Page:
Montane forests, known as biodiversity hotspots, are among the ecosystems facing threats from climate change. To comprehend potential impacts of climate change on birds in these forests, researchers set up automatic recorders in Yushan National Park, Taiwan, and developed an AI tool for species identification using bird sounds. Their goal is to analyze status and trends in animal activity through acoustic data.
Prof. Hsueh-Wen Chang and Ph.D. Candidate Shih-Hung Wu from National Sun Yat-Sen University, Taiwan, Dr. Ruey-Shing Lin, Assistant Researcher Jerome Chie-Jen Ko from the Endemic Species Research Institute, and Ms. Wen-Ling Tsai from Yushan National Park Headquarters have published a paper in the open access journal Biodiversity Data Journal, detailing their use of AI to detect 6 million bird songs.
Compared to traditional observation-based methods, passive acoustic monitoring using automatic recorders to capture wildlife sounds provides cost-effective, long-term, and systematic alternative for long-term biodiversity monitoring.
The authors deployed six recorders in Yushan National Park, Taiwan, a subtropical montane forest habitat with elevations ranging from 1,200 to 2,800 meters. From 2020 to 2021, they recorded nearly 30,000 hours of audio files with abundant biological information.
However, analyzing this vast dataset is challenging and requires more than human effort alone.
To tackle this challenge, the authors utilized deep learning technology to develop an AI tool called SILIC that can identify species by sound.
SILIC can quickly pinpoint the precise timing of each animal call within the audio files. After several optimizations, the tool is now capable of recognizing 169 species of wildlife native to Taiwan, including 137 bird species, as well as frogs, mammals, and reptiles.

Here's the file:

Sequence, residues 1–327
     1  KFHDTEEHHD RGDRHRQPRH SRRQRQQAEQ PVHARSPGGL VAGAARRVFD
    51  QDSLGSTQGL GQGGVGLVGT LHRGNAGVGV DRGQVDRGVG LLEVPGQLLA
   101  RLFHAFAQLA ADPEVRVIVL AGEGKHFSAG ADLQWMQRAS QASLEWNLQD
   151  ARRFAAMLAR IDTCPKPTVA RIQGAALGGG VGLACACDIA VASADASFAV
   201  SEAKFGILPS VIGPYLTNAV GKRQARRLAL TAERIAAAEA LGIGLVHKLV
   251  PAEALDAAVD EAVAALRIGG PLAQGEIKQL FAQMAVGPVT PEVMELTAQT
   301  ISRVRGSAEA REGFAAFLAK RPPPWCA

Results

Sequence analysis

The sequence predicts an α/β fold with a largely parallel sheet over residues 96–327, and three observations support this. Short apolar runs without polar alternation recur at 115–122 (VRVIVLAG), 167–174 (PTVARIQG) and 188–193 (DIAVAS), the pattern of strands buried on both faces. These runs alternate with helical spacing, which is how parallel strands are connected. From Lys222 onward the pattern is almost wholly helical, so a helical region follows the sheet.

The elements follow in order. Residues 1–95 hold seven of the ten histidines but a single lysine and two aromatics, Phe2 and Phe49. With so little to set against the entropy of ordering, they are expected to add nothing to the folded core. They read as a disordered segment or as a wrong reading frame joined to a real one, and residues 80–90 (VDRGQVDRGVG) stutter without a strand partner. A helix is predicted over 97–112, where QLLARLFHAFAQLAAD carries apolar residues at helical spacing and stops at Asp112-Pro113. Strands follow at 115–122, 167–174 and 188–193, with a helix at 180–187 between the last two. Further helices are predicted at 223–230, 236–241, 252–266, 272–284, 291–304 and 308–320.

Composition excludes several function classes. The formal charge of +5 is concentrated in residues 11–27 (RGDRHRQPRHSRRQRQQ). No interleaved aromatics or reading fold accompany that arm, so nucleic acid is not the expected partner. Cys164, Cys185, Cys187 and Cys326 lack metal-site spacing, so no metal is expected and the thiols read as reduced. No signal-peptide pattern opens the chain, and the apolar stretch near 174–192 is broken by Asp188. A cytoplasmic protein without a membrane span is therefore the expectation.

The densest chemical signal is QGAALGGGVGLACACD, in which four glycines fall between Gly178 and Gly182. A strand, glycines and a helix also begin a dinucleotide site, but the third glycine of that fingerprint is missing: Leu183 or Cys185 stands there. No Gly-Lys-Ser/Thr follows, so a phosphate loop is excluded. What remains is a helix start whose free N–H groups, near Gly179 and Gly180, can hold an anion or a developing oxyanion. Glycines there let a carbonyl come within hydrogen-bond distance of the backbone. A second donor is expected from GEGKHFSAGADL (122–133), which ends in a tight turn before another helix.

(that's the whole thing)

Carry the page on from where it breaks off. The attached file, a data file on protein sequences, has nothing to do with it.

In this study, authors used SILIC to extract 6,243,820 vocalizations from seven montane forest bird species with a high precision of 95%, creating the first open-access AI-analyzed species occurrence dataset available on the Global Biodiversity Information Facility. This is the first open-access dataset with species occurrence data extracted from sounds in soundscape recordings by artificial intelligence.
The Gray-chinned Minivet (left) displays a secondary non-breeding season peak (right) which is possibly related to flocking behavior. Credit: Shih-Hung Wu, Ph.D. Candidate
The dataset unveils detailed acoustic activity patterns of wildlife across both short and long temporal scales. For instance, in diel patterns, the authors identify a morning vocalization peak for all species. On an annual basis, most species exhibit a single breeding season peak; however, some, like the Gray-chinned Minivet, display a secondary non-breeding season peak, possibly related to flocking behavior.
As the monitoring projects continue, the acoustic data may help to understand changes and trends in animal behavior and population across years in a cost-effective and automated manner.
The authors anticipate that this extensive wildlife vocalization dataset will not be valuable only for the National Park’s headquarters in decision-making.
“We expect our dataset will be able to help fill the data gaps of fine-scale avian temporal activity patterns in montane forests and contribute to studies concerning the impacts of climate change on montane forest ecosystems,”they say.
Wu S-H, Ko JC-J, Lin R-S, Tsai W-L, Chang H-W (2023) An acoustic detection dataset of birds (Aves) in montane forests using a deep learning approach. Biodiversity Data Journal 11: e97811. https://doi.org/10.3897/BDJ.11.e97811